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17-0 Does Dividend Policy Matter? 17.2 Dividends matter – the value of the stock is based on the present value of expected future dividends Dividend policy.

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Presentation on theme: "17-0 Does Dividend Policy Matter? 17.2 Dividends matter – the value of the stock is based on the present value of expected future dividends Dividend policy."— Presentation transcript:

1 17-0 Does Dividend Policy Matter? 17.2 Dividends matter – the value of the stock is based on the present value of expected future dividends Dividend policy may not matter Dividend policy is the decision to pay dividends versus retaining funds to reinvest in the firm In theory, if the firm reinvests capital now, it will grow and can pay higher dividends in the future LO2

2 17-1 Illustration of Irrelevance Consider a firm that can either pay out dividends of $10,000 per year for each of the next two years or can pay $9,000 in one year, reinvest the other $1,000 into the firm and then pay $11,120 in two years. Investors require a 12% return. Market Value with constant dividend = $16, Market Value with reinvestment = $16, If the company will earn the required return, then it doesn’t matter when it pays the dividends LO2

3 17-2 Homemade Dividends Dividend policy is irrelevant when there are no taxes or other market imperfections Shareholders can effectively undo the firm’s dividend strategy The shareholder who receives a dividend that is greater than desired can reinvest the excess The shareholder who receives a dividend that is smaller than desired can sell extra shares of stock LO2

4 17-3 Low Payout Please 17.3 Why might a low payout be desirable? Individuals in upper income tax brackets might prefer lower dividend payouts, with the immediate tax consequences, in favor of higher capital gains Flotation costs – low payouts can decrease the amount of capital that needs to be raised, thereby lowering total flotation costs Dividend restrictions – debt contracts might limit the percentage of income that can be paid out as dividends LO2

5 17-4 Alternatives to Paying a Dividend Select additional capital budgeting projects Repurchase shares Acquire other companies Purchase financial assets LO2

6 17-5 High Payout Please 17.4 Why might a high payout be desirable? Desire for current income Individuals in low tax brackets Uncertainty resolution – no guarantee that the higher future dividends will materialize Taxes Dividend exclusion for corporations Tax-exempt investors don’t have to worry about differential treatment between dividends and capital gains LO2

7 17-6 Dividends and Signals 17.5 Asymmetric information – managers have more information about the health of the company than investors Changes in dividends convey information LO2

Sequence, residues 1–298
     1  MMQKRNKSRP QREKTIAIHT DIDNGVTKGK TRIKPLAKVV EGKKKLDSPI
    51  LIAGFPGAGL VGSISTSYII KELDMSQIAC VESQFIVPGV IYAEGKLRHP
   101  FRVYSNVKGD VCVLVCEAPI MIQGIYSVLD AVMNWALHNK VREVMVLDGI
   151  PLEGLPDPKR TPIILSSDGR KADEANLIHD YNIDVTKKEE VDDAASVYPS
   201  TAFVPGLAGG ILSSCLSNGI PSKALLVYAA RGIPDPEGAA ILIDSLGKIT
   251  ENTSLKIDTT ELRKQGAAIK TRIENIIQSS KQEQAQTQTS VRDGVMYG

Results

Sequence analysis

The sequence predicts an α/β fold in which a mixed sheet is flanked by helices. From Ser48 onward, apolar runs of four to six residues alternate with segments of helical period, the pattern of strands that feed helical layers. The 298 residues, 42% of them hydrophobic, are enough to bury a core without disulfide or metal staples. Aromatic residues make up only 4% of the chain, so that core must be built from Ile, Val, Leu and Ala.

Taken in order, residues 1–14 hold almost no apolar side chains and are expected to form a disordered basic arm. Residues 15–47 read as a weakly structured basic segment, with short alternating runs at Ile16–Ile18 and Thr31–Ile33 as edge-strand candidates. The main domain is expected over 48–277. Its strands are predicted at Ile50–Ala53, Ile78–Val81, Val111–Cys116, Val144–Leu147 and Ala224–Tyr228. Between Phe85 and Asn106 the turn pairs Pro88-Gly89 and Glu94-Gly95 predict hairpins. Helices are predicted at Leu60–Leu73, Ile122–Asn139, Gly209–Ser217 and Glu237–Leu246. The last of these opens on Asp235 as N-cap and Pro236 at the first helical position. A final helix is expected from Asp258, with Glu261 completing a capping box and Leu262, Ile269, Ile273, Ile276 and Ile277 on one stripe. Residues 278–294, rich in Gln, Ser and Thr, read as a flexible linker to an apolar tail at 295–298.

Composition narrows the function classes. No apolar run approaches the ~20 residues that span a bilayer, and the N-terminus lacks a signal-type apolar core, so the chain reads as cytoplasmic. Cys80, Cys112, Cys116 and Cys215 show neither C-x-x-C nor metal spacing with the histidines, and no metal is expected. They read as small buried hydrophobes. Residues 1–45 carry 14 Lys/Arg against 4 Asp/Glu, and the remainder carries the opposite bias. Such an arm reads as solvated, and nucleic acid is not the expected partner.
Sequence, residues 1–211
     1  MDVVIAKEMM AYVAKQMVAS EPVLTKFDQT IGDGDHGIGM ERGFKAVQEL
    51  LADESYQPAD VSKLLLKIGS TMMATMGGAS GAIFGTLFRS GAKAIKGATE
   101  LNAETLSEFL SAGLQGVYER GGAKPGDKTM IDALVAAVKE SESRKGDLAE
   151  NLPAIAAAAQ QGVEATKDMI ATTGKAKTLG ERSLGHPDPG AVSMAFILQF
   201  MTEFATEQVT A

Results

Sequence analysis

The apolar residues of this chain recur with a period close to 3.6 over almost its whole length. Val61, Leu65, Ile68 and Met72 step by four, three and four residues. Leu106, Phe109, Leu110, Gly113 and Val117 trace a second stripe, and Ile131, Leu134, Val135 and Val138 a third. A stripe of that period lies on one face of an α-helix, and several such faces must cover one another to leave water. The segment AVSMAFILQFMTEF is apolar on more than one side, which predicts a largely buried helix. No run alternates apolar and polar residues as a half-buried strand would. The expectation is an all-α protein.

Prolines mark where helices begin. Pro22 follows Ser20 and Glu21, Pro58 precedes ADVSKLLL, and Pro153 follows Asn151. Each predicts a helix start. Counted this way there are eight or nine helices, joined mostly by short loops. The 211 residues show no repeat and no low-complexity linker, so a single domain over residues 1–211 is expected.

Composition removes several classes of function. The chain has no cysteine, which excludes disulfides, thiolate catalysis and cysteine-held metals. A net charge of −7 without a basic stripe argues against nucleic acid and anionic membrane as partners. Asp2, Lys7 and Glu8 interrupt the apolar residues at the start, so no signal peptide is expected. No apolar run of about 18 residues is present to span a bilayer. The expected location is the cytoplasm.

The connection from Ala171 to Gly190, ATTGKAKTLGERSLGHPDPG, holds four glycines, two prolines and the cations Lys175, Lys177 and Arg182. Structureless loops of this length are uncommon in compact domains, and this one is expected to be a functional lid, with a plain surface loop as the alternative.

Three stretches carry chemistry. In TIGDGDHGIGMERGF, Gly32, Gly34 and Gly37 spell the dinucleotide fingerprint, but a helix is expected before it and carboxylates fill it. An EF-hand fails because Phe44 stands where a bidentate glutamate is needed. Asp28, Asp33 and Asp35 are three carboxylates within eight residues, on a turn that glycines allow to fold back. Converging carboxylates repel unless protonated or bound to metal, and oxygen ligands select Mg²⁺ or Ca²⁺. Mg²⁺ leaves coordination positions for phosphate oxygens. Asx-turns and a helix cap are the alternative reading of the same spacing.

8 17-7 Dividend Increases Management believes higher dividend can be sustained Expectation of higher future dividends, increasing present value Signal of a healthy, growing firm LO2

9 17-8 Dividend Decreases Management believes it can no longer sustain the current level of dividends Expectation of lower dividends indefinitely; decreasing present value Signal of a firm that is having financial difficulties LO2

10 17-9 Clientele Effect Some investors prefer low dividend payouts and will buy stock in those companies that offer low dividend payouts Some investors prefer high dividend payouts and will buy stock in those companies that offer high dividend payouts Investors will self-select into the stocks have their preferred payout policy Managers should focus on capital budgeting decisions and ignore investor preferences LO2

11 17-10 Implications of the Clientele Effect What do you think will happen if a firm changes its policy from a high payout to a low payout? What do you think will happen if a firm changes its policy from a low payout to a high payout? If this is the case, does dividend POLICY matter? LO2

12 17-11 Largest TSX Companies & Their Dividend Yields – April 2011 LO1 & LO2 INSERT NEW TABLE 17.1 HERE

13 17-12 Residual Dividend Policy 17.6 Determine capital budget Determine target capital structure Finance investments with a combination of debt and equity in line with the target capital structure Remember that retained earnings are equity If additional equity is needed, issue new shares If there are excess earnings, then pay the remainder out in dividends LO2

14 17-13 Example – Residual Dividend Policy Given Need $5 million for new investments Target capital structure: D/E = 2/3 Net Income = $4 million Finding dividend 40% financed with debt (2 million) 60% financed with equity (3 million) NI – equity financing = $4 million - $3 million = $1 million, paid out as dividends LO2

15 17-14 Compromise Dividend Policy Goals, ranked in order of importance Avoid cutting back on positive NPV projects to pay a dividend Avoid dividend cuts Avoid the need to sell equity Maintain a target debt/equity ratio Maintain a target dividend payout ratio Companies want to accept positive NPV projects, while avoiding negative signals LO2

16 17-15 Factors Influencing Dividend Policy LO2 INSERT NEW TABLE 17.5 HERE


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